So I am graduating in May. MAY. I can’t believe how quickly two years have flown by. The biggest obstacle between me and my diploma is my big, looming thesis paper. Students are required to spend one full calendar year researching, writing, and fleshing out their papers. As the date to choose a topic creeped closer, I panicked. This was the last chance I was ever going to have to write an academic paper on a topic of my choice–but I also wanted to incorporate my business and editorial concentrations. So what to write about?
I finally decided to focus on Banned Books. I had always been interested in them. I didn’t want to simply write a research paper, though. I needed a question to explore; I needed to write about this topic in a way that hadn’t been done before. After
some LOTS of thinking and an “AHA” moment, I finally figured out how to do what I wanted. I decided to look at book banning as a culture, perpetuated by time, continued challenges, and celebrations around the globe.
So here I am in almost March of 2015, and I am well on my way to completing my second-to-last draft. It’s been a grueling process, but I am almost done. Here for your perusal, comments, and criticisms, is my overview:
Book Banning: [title here]
Three hundred and seven formal complaints were filed with the American Library Association (ALA) in 2013 regarding books deemed “inappropriate.” For each challenge recorded, the ALA estimates that there are four to five more that go unreported. If that presumption is true, then any number from 1,228 to 1,535 books were challenged in 2013 alone. For centuries, books have been challenged and persecuted on moral grounds, namely political, religious, sexual, and spiritual grounds. These books, dubbed “banned books,” were perceived to pose a threat to the society that forbade them.
So what does “banned” really mean? In our current day and digital age, books aren’t banned in the United States anymore. They are frequently challenged, sure, but if a book is unavailable in a school’s library you can bet that it is easily found in a local bookstore, library, or that behemoth corporation we love to hate—Amazon. The word “banned” has become so charged with political and social implications that its legacy has survived longer than the actual practice. In fact, the American Library Association (ALA) and its various offices and initiatives have made banning materials difficult to do.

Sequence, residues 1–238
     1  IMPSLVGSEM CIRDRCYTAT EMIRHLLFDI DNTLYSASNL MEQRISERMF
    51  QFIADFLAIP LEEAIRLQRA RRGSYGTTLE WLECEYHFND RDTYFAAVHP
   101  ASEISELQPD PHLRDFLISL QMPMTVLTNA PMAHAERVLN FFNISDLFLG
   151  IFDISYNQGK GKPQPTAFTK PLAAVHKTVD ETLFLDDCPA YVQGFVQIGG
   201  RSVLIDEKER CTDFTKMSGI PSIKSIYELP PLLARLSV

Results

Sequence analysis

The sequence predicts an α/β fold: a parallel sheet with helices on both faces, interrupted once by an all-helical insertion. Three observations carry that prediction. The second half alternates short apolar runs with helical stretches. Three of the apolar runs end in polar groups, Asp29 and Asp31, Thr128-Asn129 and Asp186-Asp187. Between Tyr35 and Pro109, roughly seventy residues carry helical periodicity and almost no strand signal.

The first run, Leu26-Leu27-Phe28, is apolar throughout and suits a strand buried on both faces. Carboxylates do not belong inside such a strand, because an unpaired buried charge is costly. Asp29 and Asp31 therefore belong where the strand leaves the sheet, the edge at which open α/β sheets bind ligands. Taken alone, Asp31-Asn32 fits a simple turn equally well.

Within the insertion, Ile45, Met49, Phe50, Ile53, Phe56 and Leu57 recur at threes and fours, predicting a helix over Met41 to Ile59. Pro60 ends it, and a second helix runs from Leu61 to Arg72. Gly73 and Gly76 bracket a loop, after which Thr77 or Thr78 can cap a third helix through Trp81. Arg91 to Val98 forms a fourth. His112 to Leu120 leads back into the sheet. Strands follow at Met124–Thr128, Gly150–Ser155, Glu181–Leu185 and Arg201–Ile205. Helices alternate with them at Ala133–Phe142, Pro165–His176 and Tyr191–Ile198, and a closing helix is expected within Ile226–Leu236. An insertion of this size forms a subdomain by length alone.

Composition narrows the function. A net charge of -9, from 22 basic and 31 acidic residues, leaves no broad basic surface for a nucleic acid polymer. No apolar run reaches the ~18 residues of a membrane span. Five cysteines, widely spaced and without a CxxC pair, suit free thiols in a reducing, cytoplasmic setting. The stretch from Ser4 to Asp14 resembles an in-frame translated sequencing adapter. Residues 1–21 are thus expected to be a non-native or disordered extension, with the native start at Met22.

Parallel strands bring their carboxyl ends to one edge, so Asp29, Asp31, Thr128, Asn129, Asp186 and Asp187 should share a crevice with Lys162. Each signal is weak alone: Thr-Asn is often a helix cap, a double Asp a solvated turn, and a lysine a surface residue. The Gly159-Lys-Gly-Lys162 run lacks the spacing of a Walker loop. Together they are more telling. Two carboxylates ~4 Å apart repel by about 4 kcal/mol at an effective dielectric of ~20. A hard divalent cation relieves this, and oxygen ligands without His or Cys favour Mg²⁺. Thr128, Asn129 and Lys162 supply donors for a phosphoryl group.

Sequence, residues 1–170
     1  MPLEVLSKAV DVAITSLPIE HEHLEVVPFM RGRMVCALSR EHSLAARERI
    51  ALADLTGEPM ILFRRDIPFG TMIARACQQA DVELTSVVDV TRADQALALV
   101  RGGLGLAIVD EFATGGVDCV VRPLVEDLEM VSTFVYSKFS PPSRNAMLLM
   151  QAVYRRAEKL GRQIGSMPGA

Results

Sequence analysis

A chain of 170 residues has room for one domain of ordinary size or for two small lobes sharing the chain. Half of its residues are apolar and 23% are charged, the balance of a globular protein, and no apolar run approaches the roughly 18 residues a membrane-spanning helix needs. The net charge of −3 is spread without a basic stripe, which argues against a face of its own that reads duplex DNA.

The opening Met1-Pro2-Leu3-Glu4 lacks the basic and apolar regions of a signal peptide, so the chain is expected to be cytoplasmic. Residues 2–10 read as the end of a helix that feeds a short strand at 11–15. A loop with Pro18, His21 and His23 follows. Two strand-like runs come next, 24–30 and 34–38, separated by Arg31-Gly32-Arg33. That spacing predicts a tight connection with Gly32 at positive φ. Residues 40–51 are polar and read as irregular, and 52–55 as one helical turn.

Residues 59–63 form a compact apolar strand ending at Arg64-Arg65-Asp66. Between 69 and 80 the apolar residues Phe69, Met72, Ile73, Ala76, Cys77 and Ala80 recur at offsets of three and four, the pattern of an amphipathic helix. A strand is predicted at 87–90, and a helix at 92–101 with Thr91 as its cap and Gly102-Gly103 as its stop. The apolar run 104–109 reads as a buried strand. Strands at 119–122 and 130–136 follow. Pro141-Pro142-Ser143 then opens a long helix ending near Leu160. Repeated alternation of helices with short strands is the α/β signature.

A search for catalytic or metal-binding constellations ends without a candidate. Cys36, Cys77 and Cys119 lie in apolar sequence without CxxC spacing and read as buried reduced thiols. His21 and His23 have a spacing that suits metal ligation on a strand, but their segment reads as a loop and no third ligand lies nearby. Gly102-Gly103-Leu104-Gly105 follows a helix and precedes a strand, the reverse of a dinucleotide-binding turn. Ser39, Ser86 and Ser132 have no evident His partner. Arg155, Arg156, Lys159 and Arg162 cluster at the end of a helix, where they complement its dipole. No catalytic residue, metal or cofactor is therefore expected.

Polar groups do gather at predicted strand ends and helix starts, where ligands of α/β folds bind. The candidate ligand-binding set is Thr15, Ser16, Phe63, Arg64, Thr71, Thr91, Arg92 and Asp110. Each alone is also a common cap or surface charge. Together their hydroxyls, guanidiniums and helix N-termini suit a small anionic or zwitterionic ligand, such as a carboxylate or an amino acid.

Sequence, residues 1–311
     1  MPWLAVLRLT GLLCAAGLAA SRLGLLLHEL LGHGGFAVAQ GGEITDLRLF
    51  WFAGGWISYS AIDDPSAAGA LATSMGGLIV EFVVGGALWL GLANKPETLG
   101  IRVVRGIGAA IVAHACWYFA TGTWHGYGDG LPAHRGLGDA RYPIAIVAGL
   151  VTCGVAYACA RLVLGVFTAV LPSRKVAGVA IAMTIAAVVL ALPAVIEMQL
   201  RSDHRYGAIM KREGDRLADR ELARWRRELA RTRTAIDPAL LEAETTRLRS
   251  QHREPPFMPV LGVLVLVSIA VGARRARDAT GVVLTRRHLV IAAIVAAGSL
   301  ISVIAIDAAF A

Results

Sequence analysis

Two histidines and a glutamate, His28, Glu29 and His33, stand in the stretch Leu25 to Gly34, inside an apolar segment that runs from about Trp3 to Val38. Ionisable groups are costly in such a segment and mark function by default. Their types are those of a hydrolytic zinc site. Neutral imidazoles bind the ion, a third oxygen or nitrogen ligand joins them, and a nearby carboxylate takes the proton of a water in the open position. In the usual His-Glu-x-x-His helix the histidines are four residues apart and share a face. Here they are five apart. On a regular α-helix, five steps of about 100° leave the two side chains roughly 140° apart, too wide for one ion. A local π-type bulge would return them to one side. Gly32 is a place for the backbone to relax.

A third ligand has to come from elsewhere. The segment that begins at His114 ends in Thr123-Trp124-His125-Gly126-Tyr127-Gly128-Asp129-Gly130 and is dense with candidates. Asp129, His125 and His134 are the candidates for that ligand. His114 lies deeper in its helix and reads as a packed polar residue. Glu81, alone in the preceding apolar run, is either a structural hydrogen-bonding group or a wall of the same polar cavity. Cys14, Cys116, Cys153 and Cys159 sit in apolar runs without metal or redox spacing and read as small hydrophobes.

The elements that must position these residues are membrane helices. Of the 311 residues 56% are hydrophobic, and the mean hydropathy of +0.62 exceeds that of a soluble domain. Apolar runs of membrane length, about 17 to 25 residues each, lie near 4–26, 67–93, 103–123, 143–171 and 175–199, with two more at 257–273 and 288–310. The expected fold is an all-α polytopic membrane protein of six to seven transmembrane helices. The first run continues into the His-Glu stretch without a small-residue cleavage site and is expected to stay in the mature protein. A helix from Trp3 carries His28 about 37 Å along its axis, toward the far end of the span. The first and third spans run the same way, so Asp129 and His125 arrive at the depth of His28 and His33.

Although bans aren’t as common as they once were, we still celebrate our freedom to read. Every year during the last week of September, we commemorate Banned Books Week. Literary websites and shops sell banned book themed tote bags, socks, t-shirts, and more. The week was founded to celebrate our intellectual freedom to read what we choose, and it has turned into a week of celebrating the books themselves. Many of the books in question are undoubtedly great pieces of literature, but they are only celebrated for that—these books have been deemed inappropriate and so the general readership has become drawn to them. Why are we celebrating the fact that these books have been repeatedly challenged? Shouldn’t we be celebrating that we have the resources available to access and read them, and the fact that their literary greatness has withstood scrutiny and opposition?
This thesis will aim to explore how this banned book culture came about, question the implications of the word “banned,” the societal impact of challenges to reading material, and how the defined banned book culture shapes the publishing industry: does the potential of a book’s being banned effect the way it is written, edited, marketed, and sold?